• Sunday, December 10, 2023
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Having spinal injury is not end of one’s life, says NGO

Having spinal injury is not end of one’s life, says NGO

A non-governmental and non-profit making organisation, Rebuilding Hope on Wheels Initiative (RHOWI), founded by Hajia Amina Audu to improve the lives of people with disabilities, particularly those with Spinal Cord Injuries and Dysfunction (SCI/D), has started visiting hospitals in the South East to encourage people with spinal cord injuries.

The group that visited Orthopedic Hospital Enugu on Wednesday, August 16th with a lot of gift items for people with spinal cord injuries in the hospital ward said that their message was “having spinal cord injuries does not mean the end of such person’s life.”

Speaking to journalists after visiting spinal cord injury patients in their ward at HRH Eze Godwin Ahanonu Spinal Injury Care Complex in Orthopedic Hospital Enugu, the South East coordinator of RHOWI, Ejikeme Fineglo said the organisation was promoting social inclusion and removing barriers for people in wheelchair to participate in social and occupational activities like any other citizen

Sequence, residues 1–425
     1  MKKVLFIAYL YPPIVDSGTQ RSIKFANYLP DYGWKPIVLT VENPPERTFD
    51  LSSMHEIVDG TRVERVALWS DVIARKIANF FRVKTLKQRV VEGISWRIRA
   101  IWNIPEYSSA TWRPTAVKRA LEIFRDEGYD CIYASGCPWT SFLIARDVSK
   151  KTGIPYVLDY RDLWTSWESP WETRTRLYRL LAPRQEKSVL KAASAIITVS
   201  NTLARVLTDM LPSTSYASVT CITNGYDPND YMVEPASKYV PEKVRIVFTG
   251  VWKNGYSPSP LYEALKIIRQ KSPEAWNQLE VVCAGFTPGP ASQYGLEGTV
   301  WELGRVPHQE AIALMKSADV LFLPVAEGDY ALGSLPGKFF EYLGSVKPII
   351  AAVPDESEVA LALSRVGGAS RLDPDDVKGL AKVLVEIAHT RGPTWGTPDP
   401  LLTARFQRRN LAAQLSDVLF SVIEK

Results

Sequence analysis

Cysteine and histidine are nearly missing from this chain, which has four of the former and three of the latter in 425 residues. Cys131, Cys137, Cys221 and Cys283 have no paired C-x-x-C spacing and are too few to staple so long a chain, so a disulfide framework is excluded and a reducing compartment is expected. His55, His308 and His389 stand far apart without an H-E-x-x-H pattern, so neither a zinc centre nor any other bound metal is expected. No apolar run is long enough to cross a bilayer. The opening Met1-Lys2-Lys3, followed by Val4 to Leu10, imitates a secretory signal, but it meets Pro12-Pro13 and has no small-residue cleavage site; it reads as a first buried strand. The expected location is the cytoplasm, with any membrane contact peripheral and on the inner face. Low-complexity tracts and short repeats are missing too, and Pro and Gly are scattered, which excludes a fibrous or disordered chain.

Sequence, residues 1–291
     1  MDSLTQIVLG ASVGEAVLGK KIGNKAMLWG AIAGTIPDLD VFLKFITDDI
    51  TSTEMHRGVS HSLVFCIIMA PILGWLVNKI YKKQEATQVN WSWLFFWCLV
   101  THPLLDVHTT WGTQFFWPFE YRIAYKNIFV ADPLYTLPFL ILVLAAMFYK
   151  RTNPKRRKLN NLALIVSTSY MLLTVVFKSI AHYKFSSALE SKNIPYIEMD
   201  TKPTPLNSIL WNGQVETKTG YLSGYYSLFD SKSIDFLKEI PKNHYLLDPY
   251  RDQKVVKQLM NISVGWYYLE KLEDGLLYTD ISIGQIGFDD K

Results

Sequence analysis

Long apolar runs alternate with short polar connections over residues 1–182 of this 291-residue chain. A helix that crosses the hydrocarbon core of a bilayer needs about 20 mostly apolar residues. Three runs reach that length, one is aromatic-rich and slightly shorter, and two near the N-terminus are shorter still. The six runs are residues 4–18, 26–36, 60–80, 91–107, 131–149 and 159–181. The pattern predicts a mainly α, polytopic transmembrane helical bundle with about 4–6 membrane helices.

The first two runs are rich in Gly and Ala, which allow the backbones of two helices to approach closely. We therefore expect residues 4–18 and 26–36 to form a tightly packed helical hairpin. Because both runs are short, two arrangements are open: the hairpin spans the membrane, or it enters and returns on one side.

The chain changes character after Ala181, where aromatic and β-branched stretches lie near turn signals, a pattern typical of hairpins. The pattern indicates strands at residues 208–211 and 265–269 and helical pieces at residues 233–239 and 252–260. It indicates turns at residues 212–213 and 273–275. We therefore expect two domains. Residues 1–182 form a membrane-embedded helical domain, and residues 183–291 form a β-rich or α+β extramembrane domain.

“RHOWI has engaged relevant stakeholders since its inception to change the directional way of treating people with spinal cord injuries and Dysfunction to specific rehabilitation that teaches people with the injury on how to live life after spinal cord injuries,” Ejike said.

According to him, “We want to give hope and prepare the survivors and their families for the not-too-pleasant journey of spinal cord injury which most of our peer supporters have lived through and forged ahead with their lives despite the trauma posed by the injury.”

He said that coming to the hospital was among other programmes to give those with spinal cord injuries some orientation.

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“Our primary aim is to make them understand that they are some people who have been in the stage they are now and today living their life. We want to assure them that they can still be useful to themselves and the society at large. You don’t need to kill yourself or take your life,” he said.

Narrating what happened to him, he said he was assaulted by a group of people when he was living in the north for a little misunderstanding which turned into a fight; unfortunately, they hid his head on the ground and that compressed his spine from the back, affecting his grip and since then he continues to manage life like that since 2006.

He told the people that spinal cord injury treatment is a continuous thing because the nerves are always hot once it is injured.

He advised spinal cord injury patients to belong to a group that would be reminding them of what to do at a particular point in time, like physiotherapy, “so the treatment continues.”

“Earning a living is what we are saying that one should not kill oneself. This other friend of mine is a music producer and I do some businesses online.

Our women are traders of various goods; our aim is to give hope to spinal cord injury persons. We are not totally invalid; we do a lot of things to support ourselves.”